These supposed common elements included a jangly guitar sound a la The Byrds, Love or The Smiths and a gentle, “fey” style of singing. “Velocity Girl”, admittedly, possessed these qualities and that fact, along with the song serving as the compilation’s opener, led to Primal Scream being considered one of the guiding lights of the “movement”, something the band hated. Nevertheless, the small but enthusiastic buzz created by their perceived involvement in the C86 scene helped them cement a small but loyal following which laid the groundwork for the release of their first long-player, saddled with a ridiculously psychedelic name:


1.) Gentle Tuesday
2.) Treasure Trip
3.) May The Sun Shine Bright For You
4.) Sonic Sister Love
5.) Silent Spring
6.) Imperial
7.) Love You
8.) Leaves
9.) Aftermath
10.) We Go Down Slowly Rising
Guests: Martin Duffy (keyboardist, Felt)
Primal Scream’s debut album was originally meant to be recorded with Smiths/Blur producer Stephen Smith; the band even laid down four weeks worth of material with him before deciding that the collaboration wasn’t working. In his place they hired Mayo Thompson, founder of Texas psych-rockers The Red Krayola. The resulting album deviates little from the sound established on the proceeding singles: a Byrdsian jangle is ever-present, with Jim Beattie providing arpeggio after arpeggio for Bobby to coo over in songs like “Gentle Tuesday” and “We Go Down Slowly Rising”.


The use of pretty melodies to hide barbed lyrics is continued as well; one example being “Silent Spring”, a distillation of Rachel Carson‘s book about environmental catastrophe. In spite of the fact that SFG has never been a favorite of critics (Allmusic proclaimed it “pristine but dull”), I’ve always been a fan. I like chiming guitars (see: my Smiths obsession), and I would have loved to hear what Stephen Street might have done with the material; as for the finished product, I think Mayo Thompson did a pretty good job. The songs and style of this album (along with those of their American counterparts in the Paisley Underground) would also go on to influence contemporaries The Stone Roses, who would take the blueprint of SFG and refine it (and, according to Bobby himself, do it much better), as seen on their classic 1989 debut. Another reason this record is of note is that it’s the only Primal Scream album to feature Jim Beattie;as a result of both conflicts that arose during the recording of Sonic Flower Groove and the album’s lukewarm reception (both critically and commercially), Beattie left the band he’d co-founded to ply his jangly wares in Spirea X and later Adventures In Stereo.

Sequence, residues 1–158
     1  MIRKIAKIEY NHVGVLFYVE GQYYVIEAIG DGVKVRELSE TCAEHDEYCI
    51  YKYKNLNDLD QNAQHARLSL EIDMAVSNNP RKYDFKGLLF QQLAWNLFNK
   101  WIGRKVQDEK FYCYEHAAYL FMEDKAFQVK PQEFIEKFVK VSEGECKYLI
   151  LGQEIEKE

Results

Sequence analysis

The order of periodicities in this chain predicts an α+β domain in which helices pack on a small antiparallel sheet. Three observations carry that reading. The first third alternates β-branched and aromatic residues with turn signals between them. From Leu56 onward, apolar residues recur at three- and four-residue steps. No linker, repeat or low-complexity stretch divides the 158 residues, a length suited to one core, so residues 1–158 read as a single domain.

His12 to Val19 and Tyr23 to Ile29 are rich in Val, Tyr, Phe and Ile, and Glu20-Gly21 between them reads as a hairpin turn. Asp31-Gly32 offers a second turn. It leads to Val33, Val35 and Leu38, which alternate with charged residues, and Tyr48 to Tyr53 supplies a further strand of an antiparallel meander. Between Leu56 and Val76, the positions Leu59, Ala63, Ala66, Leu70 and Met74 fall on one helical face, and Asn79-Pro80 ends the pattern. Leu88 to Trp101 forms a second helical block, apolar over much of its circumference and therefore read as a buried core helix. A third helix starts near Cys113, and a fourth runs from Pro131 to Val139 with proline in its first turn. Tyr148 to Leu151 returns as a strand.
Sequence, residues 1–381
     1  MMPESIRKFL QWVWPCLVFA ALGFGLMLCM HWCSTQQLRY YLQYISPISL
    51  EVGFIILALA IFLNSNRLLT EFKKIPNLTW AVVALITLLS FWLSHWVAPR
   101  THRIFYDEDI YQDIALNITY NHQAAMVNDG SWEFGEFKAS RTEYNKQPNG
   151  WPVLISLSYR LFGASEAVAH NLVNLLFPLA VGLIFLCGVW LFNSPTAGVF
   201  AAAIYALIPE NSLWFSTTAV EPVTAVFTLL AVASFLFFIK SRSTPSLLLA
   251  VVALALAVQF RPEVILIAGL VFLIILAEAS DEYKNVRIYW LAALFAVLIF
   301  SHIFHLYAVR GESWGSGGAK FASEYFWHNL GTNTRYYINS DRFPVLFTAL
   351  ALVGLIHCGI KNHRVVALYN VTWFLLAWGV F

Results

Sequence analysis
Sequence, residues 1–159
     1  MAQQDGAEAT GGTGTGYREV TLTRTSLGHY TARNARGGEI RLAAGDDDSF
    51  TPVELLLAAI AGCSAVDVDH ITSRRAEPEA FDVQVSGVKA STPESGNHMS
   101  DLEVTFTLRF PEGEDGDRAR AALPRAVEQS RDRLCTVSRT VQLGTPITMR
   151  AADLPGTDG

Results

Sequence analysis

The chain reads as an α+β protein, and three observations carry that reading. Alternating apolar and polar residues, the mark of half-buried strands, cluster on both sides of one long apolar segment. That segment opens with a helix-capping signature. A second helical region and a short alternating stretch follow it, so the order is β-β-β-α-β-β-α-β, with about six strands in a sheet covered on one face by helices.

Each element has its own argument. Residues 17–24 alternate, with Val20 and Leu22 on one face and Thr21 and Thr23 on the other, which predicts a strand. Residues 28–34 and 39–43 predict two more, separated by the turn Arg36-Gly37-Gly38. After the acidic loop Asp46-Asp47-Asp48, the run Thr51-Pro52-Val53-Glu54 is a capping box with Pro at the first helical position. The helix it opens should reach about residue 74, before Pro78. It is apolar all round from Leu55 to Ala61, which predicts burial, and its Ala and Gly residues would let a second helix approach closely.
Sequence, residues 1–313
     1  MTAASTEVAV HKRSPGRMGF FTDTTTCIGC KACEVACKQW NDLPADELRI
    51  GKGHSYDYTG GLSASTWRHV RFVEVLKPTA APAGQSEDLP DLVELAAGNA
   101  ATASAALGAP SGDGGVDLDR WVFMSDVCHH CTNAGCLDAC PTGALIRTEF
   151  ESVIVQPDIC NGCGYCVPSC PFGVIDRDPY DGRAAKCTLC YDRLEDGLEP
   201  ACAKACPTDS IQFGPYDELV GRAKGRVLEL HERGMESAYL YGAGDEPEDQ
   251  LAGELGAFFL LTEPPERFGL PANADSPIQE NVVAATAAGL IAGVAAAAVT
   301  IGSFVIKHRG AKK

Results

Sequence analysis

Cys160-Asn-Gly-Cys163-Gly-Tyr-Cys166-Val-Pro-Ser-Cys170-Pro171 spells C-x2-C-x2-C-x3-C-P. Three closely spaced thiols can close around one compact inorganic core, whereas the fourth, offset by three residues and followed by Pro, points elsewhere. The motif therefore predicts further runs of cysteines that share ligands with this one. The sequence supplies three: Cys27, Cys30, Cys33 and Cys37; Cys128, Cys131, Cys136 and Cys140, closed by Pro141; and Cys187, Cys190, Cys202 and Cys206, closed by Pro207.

“Gentle Tuesday” video

“Silent Spring” live on some show, 1988


1.) Ivy Ivy Ivy
2.) You’re Just Dead Skin To Me
3.) She Power
4.) You’re Just Too Dark To Care
5.) I’m Losing More Than I’ll Ever Have
6.) Gimme Gimme Teenage Head
7.) Lone Star Girl
8.) Kill The King
9.) Sweet Pretty Thing
10.) Jesus Can’t Save Me
Guests: None
With his main musical collaborater gone, Bobby Gillespie took the opportunity to radically change the band’s sound and direction, something which he would continue to do with each subsequent Scream album. Now rotating around the troika of Gillespie, Andrew Innes and Robert Young, Primal Scream ditched the paisley shirts and C86isms of Sonic Flower Groove, replacing them with long hair and hard rock melodicism reminiscent of The MC5, Ramones and New York Dolls. The result was 1989’s Primal Scream, a record that managed to alienate their pre-existing fanbase while providing them no further headway towards breaking through to a wider audience. Self-produced by the band (under the pseudonym “Sister Anne”), it’s a bit of a strange album: lead single “Ivy Ivy Ivy” is a great Raw Power-esque hard pop number, and its template is followed for half the album.


The other half is made up of dark, strung-out ballads like “You’re Just Dead Skin To Me” and “Kill The King”, which finds Bobby contemplating regicide over queasy backwards guitar. These two stylistic approaches are reconciled on the album’s centerpiece, a paean to a jilted lover called “I’m Losing More Than I’ll Ever Have”. Primal Scream, like its predecessor, was all but ignored upon its release save for by their small but devoted fanbase, yet in “I’m Losing More…”, the band had unknowingly laid the seeds that would allow them to survive and thrive as the 80s gave way to the 90s, and the dour U.K. music scene learned how to get its groove back…


“Ivy Ivy Ivy” video

“I’m Losing More Than I’ll Ever Have” live @ T In The Park, July ’08

Part 2 soon…